Challenges to protect endangered Gharials in ChitwanNine gharials died after getting trapped in fishing nets in the last fiscal year, conservationists say.
Gharial population is under threat due to overfishing in various rivers and streams in Chitwan, conservationists say.
Bed Bahadur Khadka, assistant conservation officer at Chitwan National Park, said that around 100 people living near the park have fishing licence.
“Seven Gharials in Rapti River and two in Narayani River died in the last fiscal year after getting caught in fishing traps set up by locals,” Khadka said.
Among the nine dead, eight were baby Gharials that had been released into rivers by Gharial Breeding Centre in Chitwan, park officials say.
Fishermen usually kill baby Gharials that get trapped in their fishing nets; as for adult Gharials, they are released back into the water still entangled in nets, according to Khadka.
“Adult Gharials are left in the river entangled in nets and they die a slow death for lack of food. Some even drown since they can’t swim,” said Khadka.
While challenges are aplenty when it comes to preserving this critically endangered species, the toughest challenge is to sensitise the locals about the necessity of sustainable fishing in Chitwan rivers, say conservationists.
In the fiscal year 2017-18, a male Gharial died after getting trapped in a fishing net in the Rapti river, leading to a decrease in breeding activities in the river for months.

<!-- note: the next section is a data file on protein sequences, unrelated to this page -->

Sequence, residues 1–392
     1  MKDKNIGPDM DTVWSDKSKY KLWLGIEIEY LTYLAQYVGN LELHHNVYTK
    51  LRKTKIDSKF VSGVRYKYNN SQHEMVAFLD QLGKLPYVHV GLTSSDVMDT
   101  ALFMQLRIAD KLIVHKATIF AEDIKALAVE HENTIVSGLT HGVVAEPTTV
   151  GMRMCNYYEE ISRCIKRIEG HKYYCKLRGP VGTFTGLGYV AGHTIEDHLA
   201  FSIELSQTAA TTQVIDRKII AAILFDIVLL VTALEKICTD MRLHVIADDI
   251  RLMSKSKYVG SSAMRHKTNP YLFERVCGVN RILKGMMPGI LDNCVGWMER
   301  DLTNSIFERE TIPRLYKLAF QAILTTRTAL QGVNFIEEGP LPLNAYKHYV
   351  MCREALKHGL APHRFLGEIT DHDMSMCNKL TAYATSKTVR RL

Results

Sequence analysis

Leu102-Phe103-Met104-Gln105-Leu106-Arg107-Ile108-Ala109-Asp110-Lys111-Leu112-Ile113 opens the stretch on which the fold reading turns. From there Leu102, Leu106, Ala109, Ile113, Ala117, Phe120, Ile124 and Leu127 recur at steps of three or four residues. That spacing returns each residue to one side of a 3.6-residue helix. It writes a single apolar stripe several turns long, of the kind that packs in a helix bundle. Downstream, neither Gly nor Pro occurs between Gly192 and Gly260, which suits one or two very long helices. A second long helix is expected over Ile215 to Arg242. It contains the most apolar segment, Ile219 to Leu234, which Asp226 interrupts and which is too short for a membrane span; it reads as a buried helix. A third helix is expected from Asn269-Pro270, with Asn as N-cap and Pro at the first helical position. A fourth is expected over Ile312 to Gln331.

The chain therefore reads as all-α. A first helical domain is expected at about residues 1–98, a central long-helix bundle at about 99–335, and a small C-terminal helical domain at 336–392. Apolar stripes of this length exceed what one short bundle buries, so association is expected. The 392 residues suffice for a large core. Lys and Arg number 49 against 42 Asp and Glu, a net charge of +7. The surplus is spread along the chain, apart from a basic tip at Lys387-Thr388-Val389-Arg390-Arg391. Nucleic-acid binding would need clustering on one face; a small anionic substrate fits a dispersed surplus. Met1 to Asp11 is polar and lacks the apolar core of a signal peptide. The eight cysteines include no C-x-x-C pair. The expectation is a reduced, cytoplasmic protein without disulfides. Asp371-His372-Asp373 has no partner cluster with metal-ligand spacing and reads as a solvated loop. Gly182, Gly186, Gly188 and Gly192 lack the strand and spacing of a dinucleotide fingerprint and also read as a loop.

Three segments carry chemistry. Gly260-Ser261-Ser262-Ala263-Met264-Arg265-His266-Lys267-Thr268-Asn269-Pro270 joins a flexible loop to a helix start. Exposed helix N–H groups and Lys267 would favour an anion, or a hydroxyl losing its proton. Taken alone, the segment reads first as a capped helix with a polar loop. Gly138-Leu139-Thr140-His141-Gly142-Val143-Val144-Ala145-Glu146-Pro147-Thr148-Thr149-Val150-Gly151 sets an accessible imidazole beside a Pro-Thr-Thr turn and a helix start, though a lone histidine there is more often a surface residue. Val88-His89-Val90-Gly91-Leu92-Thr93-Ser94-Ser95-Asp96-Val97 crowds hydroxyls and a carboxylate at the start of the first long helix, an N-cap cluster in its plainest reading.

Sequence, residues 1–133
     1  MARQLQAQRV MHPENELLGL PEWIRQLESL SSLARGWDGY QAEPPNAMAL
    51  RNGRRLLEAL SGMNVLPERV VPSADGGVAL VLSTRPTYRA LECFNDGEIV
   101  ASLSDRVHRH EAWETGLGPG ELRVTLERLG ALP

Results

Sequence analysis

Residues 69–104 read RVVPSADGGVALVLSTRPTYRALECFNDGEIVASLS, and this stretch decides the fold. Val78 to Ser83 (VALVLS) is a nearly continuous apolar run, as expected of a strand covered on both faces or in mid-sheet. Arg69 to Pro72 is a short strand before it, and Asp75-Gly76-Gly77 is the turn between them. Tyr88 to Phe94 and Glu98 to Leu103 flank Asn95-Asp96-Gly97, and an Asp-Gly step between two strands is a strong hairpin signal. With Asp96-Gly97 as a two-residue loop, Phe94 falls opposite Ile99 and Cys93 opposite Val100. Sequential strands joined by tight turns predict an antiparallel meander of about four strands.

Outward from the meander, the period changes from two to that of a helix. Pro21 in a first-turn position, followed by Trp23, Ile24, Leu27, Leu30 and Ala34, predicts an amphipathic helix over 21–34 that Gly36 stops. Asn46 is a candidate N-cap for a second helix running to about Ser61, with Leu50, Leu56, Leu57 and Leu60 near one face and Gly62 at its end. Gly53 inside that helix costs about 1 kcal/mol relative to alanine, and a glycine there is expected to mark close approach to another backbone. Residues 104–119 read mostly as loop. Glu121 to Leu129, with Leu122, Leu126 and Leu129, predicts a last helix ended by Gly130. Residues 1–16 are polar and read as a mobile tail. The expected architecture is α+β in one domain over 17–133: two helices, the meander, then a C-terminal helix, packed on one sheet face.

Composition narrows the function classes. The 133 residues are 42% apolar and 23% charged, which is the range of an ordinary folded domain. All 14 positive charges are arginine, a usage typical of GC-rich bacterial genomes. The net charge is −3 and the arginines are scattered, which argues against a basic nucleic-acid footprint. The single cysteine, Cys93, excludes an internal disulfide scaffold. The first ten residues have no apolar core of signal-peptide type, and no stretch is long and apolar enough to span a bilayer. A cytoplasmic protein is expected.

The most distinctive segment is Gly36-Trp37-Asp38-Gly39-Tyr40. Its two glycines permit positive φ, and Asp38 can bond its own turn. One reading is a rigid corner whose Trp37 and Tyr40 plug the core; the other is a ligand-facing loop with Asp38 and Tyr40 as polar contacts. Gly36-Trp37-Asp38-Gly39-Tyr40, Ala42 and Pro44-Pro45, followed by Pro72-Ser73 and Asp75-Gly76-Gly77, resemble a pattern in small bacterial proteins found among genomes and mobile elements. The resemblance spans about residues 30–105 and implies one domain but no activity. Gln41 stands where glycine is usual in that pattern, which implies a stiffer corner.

In December 2017, the CNP released a male Gharial from Babai River in Bardiya into Khoriya of Rapti Dovan area to boost procreation among Gharials. Currently, there are only three male Gharials in the Rapti and Narayani rivers.
In Nepal, the Gharial has been enlisted as a protected species. Conservationists said that Gharial habitats are under threat due to human activities, river pollution and depletion in fish numbers.
In 1976, Nepal began Gharial conservation by establishing a breeding centre in Kasara. The centre has 467 gharials at present. So far, the centre has released 1,465 gharials into various rivers in Chitwan. However, most of these fish-eating Gharials have either died or moved far down the river system towards India in search of fish, conservationists say.
The gharial population, which was estimated to be between 5,000 and 10,000 worldwide during the 1940s, declined by almost 96 percent to below 200 by 1976. This species—the only surviving member of the Gavialidae family—breeds only in the wild in Nepal and India and occupies only two percent (less than 200 mature breeding adults in number) of its historical range at present. The gharials have already gone extinct from Myanmar, Pakistan, Bhutan, and Bangladesh.